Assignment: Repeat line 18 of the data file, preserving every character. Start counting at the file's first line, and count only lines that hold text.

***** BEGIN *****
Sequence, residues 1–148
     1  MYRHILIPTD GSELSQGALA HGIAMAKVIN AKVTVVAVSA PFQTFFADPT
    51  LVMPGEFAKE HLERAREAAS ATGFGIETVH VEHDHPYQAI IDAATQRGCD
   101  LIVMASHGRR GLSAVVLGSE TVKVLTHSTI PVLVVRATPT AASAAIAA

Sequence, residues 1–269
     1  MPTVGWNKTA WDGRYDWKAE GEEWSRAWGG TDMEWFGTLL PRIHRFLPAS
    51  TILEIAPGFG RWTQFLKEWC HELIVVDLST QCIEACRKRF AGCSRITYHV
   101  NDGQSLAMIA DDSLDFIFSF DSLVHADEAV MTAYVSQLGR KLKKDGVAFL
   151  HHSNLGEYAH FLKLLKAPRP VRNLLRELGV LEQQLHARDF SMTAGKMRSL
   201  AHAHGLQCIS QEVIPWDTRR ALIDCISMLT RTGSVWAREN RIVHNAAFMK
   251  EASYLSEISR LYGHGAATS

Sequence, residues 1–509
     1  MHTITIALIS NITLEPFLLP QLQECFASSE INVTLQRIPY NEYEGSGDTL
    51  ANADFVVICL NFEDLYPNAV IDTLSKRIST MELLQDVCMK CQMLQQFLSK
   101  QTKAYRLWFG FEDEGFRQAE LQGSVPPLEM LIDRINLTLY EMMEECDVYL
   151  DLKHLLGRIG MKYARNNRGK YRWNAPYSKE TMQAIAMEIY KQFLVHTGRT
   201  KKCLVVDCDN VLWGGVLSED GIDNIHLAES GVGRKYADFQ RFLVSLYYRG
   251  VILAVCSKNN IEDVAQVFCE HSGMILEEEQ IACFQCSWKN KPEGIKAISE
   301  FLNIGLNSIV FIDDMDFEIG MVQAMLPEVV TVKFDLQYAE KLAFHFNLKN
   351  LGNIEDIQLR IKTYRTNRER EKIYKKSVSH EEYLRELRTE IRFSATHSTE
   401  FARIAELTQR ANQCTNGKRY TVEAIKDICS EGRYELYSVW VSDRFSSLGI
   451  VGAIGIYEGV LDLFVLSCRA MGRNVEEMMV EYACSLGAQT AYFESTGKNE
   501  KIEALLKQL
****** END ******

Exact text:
   251  VILAVCSKNN IEDVAQVFCE HSGMILEEEQ IACFQCSWKN KPEGIKAISE